Last Friday, Bill C-56 or the Combating Counterfeit Products Act was introduced for first reading by the Federal Government. While this bill is primarily focused on amending the Copyright Act and the Trade-marks Act to add new civil and criminal remedies and border measures in order to “strengthen the enforcement of copyright and trade-mark rights and to curtail commercial activity involving infringing copies and counterfeit trade-marked goods,” it will also amend the Trade-marks Act in other notable ways.
First, Bill C-56 expands the scope of what can be registered as a trade-mark. The primary definition of trade-mark is currently “a mark that is used by a person for the purpose of distinguishing or so as to distinguish wares or services manufactured, sold, leased, hired or performed by him from those manufactured, sold, leased, hired or performed by others.” Bill C-56 proposes to change the definition of trade-mark to include “a sign or combination of signs that is used by a person for the purpose of distinguishing or so as to distinguish their goods or services from those of others.” The definition of sign will be added to the Trade-marks Act and a sign will include “a word, a personal name, a design, a letter, a numeral, a colour, a figurative element, a three-dimensional shape, a hologram, a moving image, a mode of packaging goods, a sound, a scent, a taste, a texture and the positioning of a sign.” This open-ended definition will support a number of new trade-mark registrations.
However, the bill will also update the Trade-marks Act to expressly prevent the registration of trade-marks whose features are dictated primarily by a utilitarian function and will clearly state that the registration of a trade-mark does not prevent a person from using a utilitarian feature embodied in the trade-mark. These changes are in line with jurisprudence on this issue (for example, see the Supreme Court of Canada’s comments in Kirkbi AG v. Ritvik Holdings Inc., 2005 SCC 65).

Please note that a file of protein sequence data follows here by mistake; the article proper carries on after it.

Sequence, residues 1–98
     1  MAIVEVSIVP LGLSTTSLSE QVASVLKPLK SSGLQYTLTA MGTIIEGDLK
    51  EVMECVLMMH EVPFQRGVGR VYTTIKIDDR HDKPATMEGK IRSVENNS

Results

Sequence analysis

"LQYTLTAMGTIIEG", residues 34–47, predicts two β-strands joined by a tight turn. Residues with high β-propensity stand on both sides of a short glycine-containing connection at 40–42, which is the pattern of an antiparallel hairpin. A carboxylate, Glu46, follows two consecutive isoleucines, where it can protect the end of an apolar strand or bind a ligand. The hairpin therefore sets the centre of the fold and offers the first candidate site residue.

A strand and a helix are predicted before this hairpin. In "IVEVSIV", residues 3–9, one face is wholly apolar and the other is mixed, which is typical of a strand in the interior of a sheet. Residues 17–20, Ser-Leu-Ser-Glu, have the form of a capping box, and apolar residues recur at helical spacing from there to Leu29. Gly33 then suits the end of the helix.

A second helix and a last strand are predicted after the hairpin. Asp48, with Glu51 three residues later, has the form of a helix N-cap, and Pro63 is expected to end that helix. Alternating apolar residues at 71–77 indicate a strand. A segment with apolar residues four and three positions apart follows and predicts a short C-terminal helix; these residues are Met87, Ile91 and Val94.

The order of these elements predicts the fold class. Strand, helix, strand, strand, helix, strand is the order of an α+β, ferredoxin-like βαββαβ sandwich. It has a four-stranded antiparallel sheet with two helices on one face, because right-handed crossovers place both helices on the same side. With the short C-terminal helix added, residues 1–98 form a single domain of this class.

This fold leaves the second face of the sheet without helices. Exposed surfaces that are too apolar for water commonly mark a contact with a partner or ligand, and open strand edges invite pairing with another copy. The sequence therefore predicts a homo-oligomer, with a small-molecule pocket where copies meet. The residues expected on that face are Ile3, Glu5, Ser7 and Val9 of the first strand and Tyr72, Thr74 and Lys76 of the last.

Second, Bill C-56 will “streamline and modernize the trade-mark application and opposition process.” It will establish the filing date of a trade-mark application as the day on which the Registrar of Trade-marks has received an explicit or implicit indication that the registration is sought, information allowing the identity of the applicant to be established and the Registrar to contact the applicant, a description of the trade-mark, a list of the goods or services for which registration is sought, and any prescribed fees. If the application does not contain all the required information, the applicant has a fixed period of two months from the date of notice to submit the outstanding items. If these items are not received in this timeframe, the application is deemed never to have been filed and the applicant will lose their application fees. The bill will also give the Registrar the power to correct obvious errors in the register within six months after an entry in the register is made.
The Trade-marks Act will be amended to allow a trade-mark application to request the Registrar to strike out all or part of a statement of opposition if it doesn’t fall within the established grounds for opposition or if it fails to set out a ground of opposition in sufficient detail to allow the applicant to reply to it. When an applicant files a counter statement to a statement of opposition, it will only need to state that the applicant intends to respond to the opposition. The applicant can then, as under the current Trade-mark Act, respond to the opposition with evidence in due course.
Finally, the Federal Court will expressly be given the power to expunge the registration of a trade-mark if the court determines that the registration is likely to unreasonably limit the development of any art or industry. Any ‘interested person’ will be able to apply to the court to have a trade-mark registration expunged for this reason.
As the bill is still in its early stages, it is likely that many of the initial provisions will change before they eventually receive royal assent and come into force. Keep checking The Medium for updated information on Bill C-56′s progress.